In part one of the Law Office of Bryan Fagan, PLLC’s series of blog posts on in court testimony we discussed the importance of always telling the truth on the witness stand as well as how understanding the question being asked of you is an underrated yet critical part of testifying well. If you have not yet done so I highly recommend you go back and read yesterday’s blog prior to reading today’s.
In today’s blog we will go over how to actually answer the question being asked of you and how to control yourself when answering questions from opposing counsel that are intended to frustrate, annoy or even anger you.
How answering the question that is asked can be easier said than done
“Do you know what time it is?” This is a question that I will ask a client who is preparing to testify in a few minutes.
The response that I receive from clients almost without fail is a peek at a clock or their watch and then the actual time of day. While in most scenarios this is exactly the response that you would want to give in court it is not. Let me explain why.
The question I asked is intended to illicit a response that, while correct, is not a correct response to the question being asked of you. Look at the question again.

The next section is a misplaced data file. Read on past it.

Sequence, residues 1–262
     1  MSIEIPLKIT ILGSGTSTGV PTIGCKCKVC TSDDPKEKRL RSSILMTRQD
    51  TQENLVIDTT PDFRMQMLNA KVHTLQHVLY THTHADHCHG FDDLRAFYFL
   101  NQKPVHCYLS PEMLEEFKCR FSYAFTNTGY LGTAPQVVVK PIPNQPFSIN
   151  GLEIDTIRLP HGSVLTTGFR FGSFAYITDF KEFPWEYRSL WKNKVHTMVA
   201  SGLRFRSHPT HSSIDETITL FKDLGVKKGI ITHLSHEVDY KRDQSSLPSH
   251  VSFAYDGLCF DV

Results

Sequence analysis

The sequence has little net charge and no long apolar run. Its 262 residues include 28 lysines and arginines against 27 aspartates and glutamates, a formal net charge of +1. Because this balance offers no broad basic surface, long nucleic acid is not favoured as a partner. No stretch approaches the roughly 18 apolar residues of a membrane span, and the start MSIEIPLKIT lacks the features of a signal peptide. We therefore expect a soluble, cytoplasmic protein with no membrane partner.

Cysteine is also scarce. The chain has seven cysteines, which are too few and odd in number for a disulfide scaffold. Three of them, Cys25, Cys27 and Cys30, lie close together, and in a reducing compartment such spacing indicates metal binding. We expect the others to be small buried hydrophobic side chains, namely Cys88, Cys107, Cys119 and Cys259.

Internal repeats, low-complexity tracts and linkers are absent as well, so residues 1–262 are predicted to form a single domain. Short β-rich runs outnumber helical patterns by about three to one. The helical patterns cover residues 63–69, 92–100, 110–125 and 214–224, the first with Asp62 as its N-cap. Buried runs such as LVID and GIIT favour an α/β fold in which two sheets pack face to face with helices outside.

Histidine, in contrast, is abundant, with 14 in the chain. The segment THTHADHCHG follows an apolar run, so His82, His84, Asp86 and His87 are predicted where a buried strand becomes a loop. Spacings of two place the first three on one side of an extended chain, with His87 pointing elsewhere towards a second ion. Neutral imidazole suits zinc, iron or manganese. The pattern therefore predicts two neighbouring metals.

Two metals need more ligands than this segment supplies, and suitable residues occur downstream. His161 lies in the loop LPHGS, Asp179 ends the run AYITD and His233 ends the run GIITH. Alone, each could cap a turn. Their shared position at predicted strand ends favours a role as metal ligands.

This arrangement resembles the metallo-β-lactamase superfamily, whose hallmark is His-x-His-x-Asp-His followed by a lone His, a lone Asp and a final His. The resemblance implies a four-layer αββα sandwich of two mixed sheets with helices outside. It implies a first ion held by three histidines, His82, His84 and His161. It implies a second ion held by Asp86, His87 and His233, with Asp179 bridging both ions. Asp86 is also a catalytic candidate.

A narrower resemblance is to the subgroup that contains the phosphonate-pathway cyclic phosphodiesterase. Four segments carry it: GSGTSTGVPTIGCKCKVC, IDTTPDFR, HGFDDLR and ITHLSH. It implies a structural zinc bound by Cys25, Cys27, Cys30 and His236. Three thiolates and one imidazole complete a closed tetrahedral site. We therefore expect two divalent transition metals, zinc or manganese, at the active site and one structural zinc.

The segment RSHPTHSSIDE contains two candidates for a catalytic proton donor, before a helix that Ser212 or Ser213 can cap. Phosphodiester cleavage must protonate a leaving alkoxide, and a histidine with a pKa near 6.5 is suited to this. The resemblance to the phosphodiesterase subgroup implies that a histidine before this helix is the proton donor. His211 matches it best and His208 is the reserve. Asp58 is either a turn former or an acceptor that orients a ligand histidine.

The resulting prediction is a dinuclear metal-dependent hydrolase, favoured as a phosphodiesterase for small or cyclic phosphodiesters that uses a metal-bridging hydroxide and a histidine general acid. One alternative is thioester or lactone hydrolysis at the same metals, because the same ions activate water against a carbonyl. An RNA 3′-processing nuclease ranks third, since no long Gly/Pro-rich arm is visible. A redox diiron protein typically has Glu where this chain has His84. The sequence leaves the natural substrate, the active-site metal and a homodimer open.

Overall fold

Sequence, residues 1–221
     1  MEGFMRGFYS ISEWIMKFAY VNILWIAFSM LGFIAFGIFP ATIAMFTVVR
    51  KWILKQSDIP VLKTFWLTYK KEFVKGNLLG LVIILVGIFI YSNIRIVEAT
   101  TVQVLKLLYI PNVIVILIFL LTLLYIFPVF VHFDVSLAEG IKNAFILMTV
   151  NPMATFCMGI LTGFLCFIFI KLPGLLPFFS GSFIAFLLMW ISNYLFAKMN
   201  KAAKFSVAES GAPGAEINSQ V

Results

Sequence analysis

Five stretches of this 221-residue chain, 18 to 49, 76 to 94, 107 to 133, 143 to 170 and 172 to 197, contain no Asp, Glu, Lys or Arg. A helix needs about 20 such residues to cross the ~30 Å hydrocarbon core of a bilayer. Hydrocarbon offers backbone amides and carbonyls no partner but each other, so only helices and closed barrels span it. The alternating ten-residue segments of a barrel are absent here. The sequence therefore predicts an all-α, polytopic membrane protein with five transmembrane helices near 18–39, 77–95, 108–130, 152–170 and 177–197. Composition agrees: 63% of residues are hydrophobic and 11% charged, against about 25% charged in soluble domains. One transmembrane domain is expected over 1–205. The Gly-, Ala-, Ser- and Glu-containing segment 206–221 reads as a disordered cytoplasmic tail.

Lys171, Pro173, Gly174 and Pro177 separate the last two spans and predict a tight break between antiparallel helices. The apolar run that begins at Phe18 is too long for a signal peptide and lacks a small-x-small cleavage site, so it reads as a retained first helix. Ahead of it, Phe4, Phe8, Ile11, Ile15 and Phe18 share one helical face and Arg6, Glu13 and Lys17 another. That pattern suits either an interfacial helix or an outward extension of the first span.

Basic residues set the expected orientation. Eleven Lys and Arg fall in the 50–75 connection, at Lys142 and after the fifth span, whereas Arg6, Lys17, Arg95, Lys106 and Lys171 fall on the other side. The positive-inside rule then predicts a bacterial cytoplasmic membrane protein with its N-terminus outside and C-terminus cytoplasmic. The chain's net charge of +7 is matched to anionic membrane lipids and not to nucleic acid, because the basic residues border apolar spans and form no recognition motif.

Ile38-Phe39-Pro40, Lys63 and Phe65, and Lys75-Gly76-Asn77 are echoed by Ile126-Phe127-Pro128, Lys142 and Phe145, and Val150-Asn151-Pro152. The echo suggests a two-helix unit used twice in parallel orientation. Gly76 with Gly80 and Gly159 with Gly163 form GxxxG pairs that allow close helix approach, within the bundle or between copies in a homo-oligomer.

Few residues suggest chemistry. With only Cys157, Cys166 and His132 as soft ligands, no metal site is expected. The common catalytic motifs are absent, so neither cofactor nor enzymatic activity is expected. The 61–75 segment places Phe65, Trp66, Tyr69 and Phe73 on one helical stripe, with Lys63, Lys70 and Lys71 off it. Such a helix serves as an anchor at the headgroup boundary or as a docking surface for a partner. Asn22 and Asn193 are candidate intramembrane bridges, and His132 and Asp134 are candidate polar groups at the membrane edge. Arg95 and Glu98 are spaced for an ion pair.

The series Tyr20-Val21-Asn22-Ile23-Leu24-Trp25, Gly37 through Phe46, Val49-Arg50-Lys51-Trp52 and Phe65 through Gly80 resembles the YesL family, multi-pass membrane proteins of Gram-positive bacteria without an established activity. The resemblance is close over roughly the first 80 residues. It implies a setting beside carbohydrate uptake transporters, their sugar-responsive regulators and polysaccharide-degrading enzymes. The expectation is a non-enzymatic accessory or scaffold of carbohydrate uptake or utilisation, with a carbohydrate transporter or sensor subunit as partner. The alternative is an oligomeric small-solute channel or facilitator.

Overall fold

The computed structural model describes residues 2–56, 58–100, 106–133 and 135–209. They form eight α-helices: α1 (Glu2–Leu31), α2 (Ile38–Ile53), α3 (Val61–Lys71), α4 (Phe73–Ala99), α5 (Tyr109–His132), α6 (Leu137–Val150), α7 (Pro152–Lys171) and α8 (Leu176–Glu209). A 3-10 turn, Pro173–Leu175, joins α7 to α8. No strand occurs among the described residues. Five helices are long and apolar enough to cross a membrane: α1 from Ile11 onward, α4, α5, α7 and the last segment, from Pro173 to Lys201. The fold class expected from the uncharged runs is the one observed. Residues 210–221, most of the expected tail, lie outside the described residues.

I was literally asking the client if he or she knew what time it was. I wasn’t asking what time it was. There is a difference. The answer to my question should either be “yes” or “no”. Providing the actual time of day jumped ahead a question.
I may have wanted you to tell me the time eventually but I needed to make sure you knew the time first in order so that I could ask you what specific time it was.
This is an important lesson in a few ways. When your attorney is asking you questions it can be easy to see where he or she is trying to get to in terms of getting responses out of you. For one, you and your attorney probably prepared in the days prior to the hearing so you know what your attorney is going to ask.
Secondly, witness questions are intended to be simple and brief so that the witness does not get confused and their response stays succinct and easy for the judge to follow.
That doesn’t mean that you can try and jump ahead and answer the “ultimate” question that your attorney is trying to get to. Lawyers often times need to lay what is called a “foundation” in order to introduce evidence or merely to bring a judge up to speed on an issue.